image par mes amis Nick et Pam

image par mes amis Nick et Pam

Some of you may have seen the brutal nineteen seventies film ‘Blanche,’ (1972, Dir: Walerian Borowczyk) in which the eponymous heroine, a young and beautiful woman married to an old man, falls in love with and is seduced by the king’s servant Bartolomeo. It is a medieval tale, set in a small castle with a tiny garrison of inept men-at-arms. The king and his entourage visit, and the seduction takes place. But the lovers are surprised and the young man hides in a wardrobe – in those days an alcove in the thick walls. Rather than openly challenge his wife’s protestations of innocence, the husband has the alcove bricked up……The story has other twists and turns to follow, but it was the bricking up that sprang to mind as I read Honore de Balzac’s short story, Le Grande Breteche, for the culmination of that tale is a very similar piece of masonry work!

 

The tale is one in which Balzac is a present narrator, telling a first person account of a visit he makes to the Vendome. There he finds an abandoned Chateau, among the ruins of which he takes to walking to indulge his sense of mystery and melancholy. Eventually the local notary arrives to forbid him further trespass upon the estate, and Balzac winkles out of him a part of the story of the ruins. There are more, and deeper secrets though, and these are provided by the serving girl at the inn who was also party to the tragedy that was enacted there.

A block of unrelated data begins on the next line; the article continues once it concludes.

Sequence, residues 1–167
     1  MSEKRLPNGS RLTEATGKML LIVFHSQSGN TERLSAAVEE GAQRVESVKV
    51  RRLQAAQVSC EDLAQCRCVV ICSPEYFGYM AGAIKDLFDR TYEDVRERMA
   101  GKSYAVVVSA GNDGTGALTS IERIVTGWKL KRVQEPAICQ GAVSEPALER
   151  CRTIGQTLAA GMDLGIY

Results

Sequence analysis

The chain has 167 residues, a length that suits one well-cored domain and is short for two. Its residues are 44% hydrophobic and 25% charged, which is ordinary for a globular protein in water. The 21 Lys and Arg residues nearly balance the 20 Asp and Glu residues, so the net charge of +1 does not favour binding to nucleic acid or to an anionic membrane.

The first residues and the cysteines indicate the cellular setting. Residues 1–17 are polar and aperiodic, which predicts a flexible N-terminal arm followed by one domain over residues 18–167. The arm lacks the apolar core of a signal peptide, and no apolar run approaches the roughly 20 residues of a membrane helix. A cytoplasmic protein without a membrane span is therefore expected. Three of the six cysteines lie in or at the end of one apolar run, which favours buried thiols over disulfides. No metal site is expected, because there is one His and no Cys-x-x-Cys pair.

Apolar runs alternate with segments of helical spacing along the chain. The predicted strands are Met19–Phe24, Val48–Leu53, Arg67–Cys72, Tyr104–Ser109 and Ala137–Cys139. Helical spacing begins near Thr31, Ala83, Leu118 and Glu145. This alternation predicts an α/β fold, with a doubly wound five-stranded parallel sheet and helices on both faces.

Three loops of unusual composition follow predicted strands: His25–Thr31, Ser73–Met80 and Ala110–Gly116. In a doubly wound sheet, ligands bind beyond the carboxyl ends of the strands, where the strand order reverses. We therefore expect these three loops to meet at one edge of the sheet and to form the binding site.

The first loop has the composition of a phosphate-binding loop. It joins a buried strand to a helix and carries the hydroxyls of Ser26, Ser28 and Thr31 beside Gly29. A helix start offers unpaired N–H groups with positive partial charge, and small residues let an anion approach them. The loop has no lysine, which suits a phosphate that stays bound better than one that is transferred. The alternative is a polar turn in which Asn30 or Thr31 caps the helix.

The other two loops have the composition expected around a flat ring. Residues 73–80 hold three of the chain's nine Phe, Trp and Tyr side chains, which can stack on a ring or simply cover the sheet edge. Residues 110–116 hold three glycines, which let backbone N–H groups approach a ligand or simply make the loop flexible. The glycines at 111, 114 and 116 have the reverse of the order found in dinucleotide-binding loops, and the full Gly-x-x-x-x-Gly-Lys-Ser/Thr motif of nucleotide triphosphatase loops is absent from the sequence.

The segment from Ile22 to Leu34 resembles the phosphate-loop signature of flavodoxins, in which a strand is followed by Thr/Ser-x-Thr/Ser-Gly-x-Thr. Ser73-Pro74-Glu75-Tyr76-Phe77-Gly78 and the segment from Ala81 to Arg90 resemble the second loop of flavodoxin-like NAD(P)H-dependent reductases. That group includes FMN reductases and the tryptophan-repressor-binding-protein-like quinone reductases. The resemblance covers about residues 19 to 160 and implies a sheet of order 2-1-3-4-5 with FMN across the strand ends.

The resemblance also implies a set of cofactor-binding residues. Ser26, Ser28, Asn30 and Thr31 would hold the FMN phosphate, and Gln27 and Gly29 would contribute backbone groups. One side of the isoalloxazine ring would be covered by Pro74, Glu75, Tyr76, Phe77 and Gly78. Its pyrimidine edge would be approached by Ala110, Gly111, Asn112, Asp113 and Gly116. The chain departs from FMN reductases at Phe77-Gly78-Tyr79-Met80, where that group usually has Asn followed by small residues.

Balzac’s story is simpler than the storyline of Blanche, though it cold be argued that his telling is somewhat more convoluted! It is another one of the tales selected for Hammerton’s inter-war, multi-volume ‘The World’s Thousand Best Stories’. A curiosity of this anthology is that it’s sub-title refers to the stories within as the best ‘complete tales,’ which I thought an unusual choice of words.

The film, as I recall over what must now be decades since I last saw it, is very watchable, though I found Blanche herself irritatingly stupid, as well as beautiful, and couldn’t really see the attraction. The high spot for me was in a wonderful scene where the king’s bodyguard, disguised as monks, reveal that they are not as unarmed as they have appeared to be. In fact, and I surprise myself here, I find that what they have under their monkish habits is, in recollection, much more interesting than what she has under hers!

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